The Prime Minister should take this matter to court. Parliament can only provide a charade of closure to this sorry affair – the Lee siblings will continue sniping at their elder brother, international news outlets will continue reporting, and speculation will continue apace. Say what you may about the independence of our judiciary, but launching a civil suit is a better way to determine whether the attacks on PM Lee’s character and standing are justified or defamatory. Both sides would have equal recourse to proof and legal representation and will present their respective cases to an independent panel of judges whose job is to evaluate the evidence and determine if there are enough grounds for Dr Lee and Mr Lee’s speech to be deemed defamatory – and hence impose damages if deemed necessary. Judges would also be able to issue an injunction to Dr Lee and Mr Lee, stopping them from continuing this controversy on social media.
I recognise that such an approach would run the risk of further exacerbating conflict between the Lee siblings. A court would take slightly under a year to reach a decision on whether Dr Lee and Mr Lee are guilty of defamatory remarks, and if they are, take roughly as long to determine the appropriate damages – a significant period of time in which domestic and international opinion will continue to sour.
But it is unclear that this is worse than the status quo, where there is no foreseeable conclusion to the saga. In fact, Dr Lee has been needling PM Lee on social media as early as April 2015, when she accused him on Facebook for “us(ing) the first anniversary of Lee Kuan Yew’s death as ‘hero worship'” and that the Prime Minister was “abusing his power”. In 2016, Dr Lee announced that she would stop writing for the Straits Times, as the editors “do not allow (her) freedom of speech”. This led to a huge controversy, with Chief of Government Communications Janadas Devan, her former ST editor, saying that “reading Wei Ling’s unedited writings was like sailing through a fog. The effort of turning her raw material into coherent articles — that’s what I remember most about editing Wei Ling.”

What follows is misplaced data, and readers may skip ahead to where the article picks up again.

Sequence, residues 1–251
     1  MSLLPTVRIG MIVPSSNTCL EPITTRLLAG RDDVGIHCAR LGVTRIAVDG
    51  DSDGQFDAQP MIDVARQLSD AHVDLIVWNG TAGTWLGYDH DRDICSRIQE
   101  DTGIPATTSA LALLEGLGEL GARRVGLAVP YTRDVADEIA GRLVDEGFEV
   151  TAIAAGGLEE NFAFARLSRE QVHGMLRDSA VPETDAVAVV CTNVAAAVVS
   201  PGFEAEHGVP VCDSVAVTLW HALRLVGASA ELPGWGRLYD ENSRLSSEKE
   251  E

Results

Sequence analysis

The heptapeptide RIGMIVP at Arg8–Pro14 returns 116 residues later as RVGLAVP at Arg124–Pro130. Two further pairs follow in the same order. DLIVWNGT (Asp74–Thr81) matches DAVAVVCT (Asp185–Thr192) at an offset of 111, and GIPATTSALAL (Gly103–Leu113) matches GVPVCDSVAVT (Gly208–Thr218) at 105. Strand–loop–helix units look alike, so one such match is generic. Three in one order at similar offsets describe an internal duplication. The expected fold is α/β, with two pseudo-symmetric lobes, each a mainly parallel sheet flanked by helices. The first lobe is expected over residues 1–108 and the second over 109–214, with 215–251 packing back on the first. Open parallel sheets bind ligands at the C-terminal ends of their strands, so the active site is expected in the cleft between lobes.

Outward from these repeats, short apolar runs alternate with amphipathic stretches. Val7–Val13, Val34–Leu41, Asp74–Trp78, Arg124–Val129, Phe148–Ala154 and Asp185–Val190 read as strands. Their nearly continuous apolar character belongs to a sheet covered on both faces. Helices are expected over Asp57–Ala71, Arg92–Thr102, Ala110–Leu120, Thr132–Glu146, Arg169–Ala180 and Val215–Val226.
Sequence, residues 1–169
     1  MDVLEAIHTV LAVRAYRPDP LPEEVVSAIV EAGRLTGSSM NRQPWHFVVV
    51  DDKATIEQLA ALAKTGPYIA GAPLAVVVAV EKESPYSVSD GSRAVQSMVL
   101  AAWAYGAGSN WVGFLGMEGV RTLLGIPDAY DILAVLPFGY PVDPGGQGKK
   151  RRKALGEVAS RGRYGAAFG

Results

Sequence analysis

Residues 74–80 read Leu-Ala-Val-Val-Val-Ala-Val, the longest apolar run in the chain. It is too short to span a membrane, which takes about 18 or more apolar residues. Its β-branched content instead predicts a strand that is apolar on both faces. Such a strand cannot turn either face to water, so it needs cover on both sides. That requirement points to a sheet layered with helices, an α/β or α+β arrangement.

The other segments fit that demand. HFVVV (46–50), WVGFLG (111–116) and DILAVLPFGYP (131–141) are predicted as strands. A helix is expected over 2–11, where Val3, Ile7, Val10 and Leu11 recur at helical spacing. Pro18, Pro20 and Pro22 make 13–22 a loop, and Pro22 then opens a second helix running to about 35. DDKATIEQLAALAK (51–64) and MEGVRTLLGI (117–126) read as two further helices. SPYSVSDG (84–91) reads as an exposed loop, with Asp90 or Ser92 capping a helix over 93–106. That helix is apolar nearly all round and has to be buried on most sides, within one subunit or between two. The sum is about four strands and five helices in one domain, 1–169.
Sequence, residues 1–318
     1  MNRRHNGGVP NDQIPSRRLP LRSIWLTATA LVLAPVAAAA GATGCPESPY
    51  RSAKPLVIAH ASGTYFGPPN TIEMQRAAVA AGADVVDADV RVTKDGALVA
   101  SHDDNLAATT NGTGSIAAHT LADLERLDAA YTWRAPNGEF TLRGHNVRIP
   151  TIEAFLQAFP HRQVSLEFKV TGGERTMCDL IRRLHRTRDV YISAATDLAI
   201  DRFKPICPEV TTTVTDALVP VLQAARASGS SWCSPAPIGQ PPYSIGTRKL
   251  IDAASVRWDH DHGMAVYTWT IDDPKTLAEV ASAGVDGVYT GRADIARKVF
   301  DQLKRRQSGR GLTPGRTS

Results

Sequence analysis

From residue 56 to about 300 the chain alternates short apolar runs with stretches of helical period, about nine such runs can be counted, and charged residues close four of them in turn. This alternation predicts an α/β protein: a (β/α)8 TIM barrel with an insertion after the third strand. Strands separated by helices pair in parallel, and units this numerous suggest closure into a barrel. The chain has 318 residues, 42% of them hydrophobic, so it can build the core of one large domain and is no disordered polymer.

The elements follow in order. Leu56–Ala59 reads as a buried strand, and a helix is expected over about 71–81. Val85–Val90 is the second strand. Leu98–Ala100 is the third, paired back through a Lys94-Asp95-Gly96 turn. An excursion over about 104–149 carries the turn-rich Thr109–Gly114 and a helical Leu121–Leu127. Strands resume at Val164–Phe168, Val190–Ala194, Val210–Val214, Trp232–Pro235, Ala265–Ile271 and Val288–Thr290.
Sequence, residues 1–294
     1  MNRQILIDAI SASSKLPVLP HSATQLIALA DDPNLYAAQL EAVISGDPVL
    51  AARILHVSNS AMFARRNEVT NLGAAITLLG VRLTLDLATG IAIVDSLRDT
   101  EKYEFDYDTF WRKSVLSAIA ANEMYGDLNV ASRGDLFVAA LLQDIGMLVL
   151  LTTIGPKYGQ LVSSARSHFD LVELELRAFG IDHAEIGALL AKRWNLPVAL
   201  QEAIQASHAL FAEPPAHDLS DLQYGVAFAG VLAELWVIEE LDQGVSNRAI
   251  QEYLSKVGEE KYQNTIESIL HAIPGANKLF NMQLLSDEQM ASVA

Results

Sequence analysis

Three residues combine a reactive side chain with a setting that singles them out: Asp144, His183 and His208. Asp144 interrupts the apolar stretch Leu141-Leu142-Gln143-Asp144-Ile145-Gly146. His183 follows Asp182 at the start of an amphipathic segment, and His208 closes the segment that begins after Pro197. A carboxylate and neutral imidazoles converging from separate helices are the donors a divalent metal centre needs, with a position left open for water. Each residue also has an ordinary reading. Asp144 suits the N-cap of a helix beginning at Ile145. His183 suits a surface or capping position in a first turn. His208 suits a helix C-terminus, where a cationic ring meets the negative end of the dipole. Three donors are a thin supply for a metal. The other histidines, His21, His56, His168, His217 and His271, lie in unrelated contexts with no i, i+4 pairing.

With Dr Lee and Mr Lee now publishing allegations and evidence on a near-daily basis, it is hard to see how Parliamentary debate can bring an end to this affair. In contrast, a court judgement – which serves not only as a fact-finding and adjudication process, but also a means to reaffirm the presence of rule of law and governmental incorruptibility in Singapore – allows for a more effective conclusion.
PM Lee’s decision not to sue is one borne out of filial piety. He said, “In normal circumstances in fact, in any other imaginable circumstance than this, I would surely sue … But suing my own brother and sister in court would further besmirch our parents’ names.” It is a noble reason. However, I believe that our national interests should take precedence over PM Lee’s personal preference not to sue his own siblings. DPM Teo Chee Hean himself stated in Parliament that the government makes decisions in the public interest of Singaporeans and does not “bend to the private demands of individuals, no matter who they are, or what family connections they can claim.” This is a principle that Mr Lee Kuan Yew himself acknowledged: That even though his personal preference was for the 38 Oxley Road home to be demolished, the dictates of national interest meant that he understood if the government of the day decided to gazette or refurbish the home. While I respect PM Lee’s personal convictions, these beliefs are coming in the way of us achieving meaningful closure on the controversy.
Singaporeans have been hauled to court for far less. In 2014, PM Lee sued Roy Ngerng for insinuating that he (PM Lee) was guilty of misappropriating CPF monies. Mr Ngerng wrongly compared the relationship between PM Lee and the CPF structure to that between Pastor Kong Hee and the City Harvest Church and alleged similar misappropriation on the part of the government. These remarks were found to be defamatory, and Mr Ngerng was excoriated in court.
As a matter of full disclosure, I have long been critical of the use of civil suits to quell discourse. It does not sit well with me that individuals like Mr Ngerng have been forced to pay hundreds of thousands of dollars to powerful government figures – persuasive arguments regarding the chilling effect on discourse and governmental over-reach can be made. Yet, I do also accept (to some extent) ESM Goh Chok Tong’s opinion that “when a Minister thinks an allegation made against him is without basis, he should sue” – an argument he has been making as early as in 1999, when he stated “we have an understanding that if a minister is defamed and he does not sue, he must leave cabinet”.
What more clear cut a case of potentially defamatory remarks can exist? What more damaging accusations could possibly be made? For the sake of public faith in our government, PM Lee should have this case decided on, once and for all, by the courts.